A recursive eigenspace computation for the canonical polyadic decomposition
Eric Evert, Michiel Vandecappelle, Lieven De Lathauwer
The canonical polyadic decomposition (CPD) is a compact decomposition which expresses a tensor as a sum of its rank-1 components. A common step in the computation of a CPD is computing a generalized eigenvalue decomposition (GEVD) of the tensor. A GEVD provides an algebraic approximation of the CPD which can then be used as an initialization in optimization routines. While in the noiseless setting GEVD exactly recovers the CPD, it has recently been shown that pencil-based computations such as GEVD are not stable. In this article we present an algebraic method for approximation of a CPD which greatly improves the accuracy of GEVD. Our method is still fundamentally pencil based; however, rather than using a single pencil and computing all of its generalized eigenvectors, we use many different pencils and in each pencil compute generalized eigenspaces corresponding to sufficiently well-separated generalized eigenvalues. The resulting “generalized eigenspace decomposition" is significantly more robust to noise than the classical GEVD. Accuracy of the generalized eigenspace decomposition is examined both empirically and theoretically. In particular, we provide a deterministic perturbation theoretic bound which is predictive of error in the computed factorization.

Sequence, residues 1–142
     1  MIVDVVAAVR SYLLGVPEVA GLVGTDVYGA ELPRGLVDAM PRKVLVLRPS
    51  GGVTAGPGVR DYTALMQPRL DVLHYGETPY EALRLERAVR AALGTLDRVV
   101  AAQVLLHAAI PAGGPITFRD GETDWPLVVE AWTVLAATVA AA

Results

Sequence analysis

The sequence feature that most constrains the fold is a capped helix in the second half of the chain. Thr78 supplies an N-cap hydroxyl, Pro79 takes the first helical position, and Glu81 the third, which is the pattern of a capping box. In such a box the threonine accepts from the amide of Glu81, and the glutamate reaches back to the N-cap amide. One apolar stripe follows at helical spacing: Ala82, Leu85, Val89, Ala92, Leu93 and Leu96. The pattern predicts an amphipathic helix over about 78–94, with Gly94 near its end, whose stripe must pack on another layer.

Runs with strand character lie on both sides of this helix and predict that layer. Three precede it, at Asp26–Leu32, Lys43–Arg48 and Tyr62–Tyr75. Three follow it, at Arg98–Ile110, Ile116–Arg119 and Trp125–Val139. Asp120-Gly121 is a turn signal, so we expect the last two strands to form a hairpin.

This package provides an implementation of the generalized eigenspacedecomposition (GESD) method to algebraically compute the CPD of atensor, following the GESD paper, as well as a tutorial on how to usethe method and files to generate the experiments from the papers.
E. Evert, M. Vandecappelle, and L. De Lathauwer, "A recursive eigenspace computation for the canonical polyadic decomposition," SIAM Journal on Matrix Analysis and Applications, vol. 43, no. 1, pp. 274-300, 2022.
This repository can be cited as:
S. Hendrikx, M. Boussé, N. Vervliet, M. Vandecappelle, R. Kenis, and L. De Lathauwer, Tensorlab⁺, Available online, Version of Dec 2022 downloaded from https://www.tensorlabplus.net.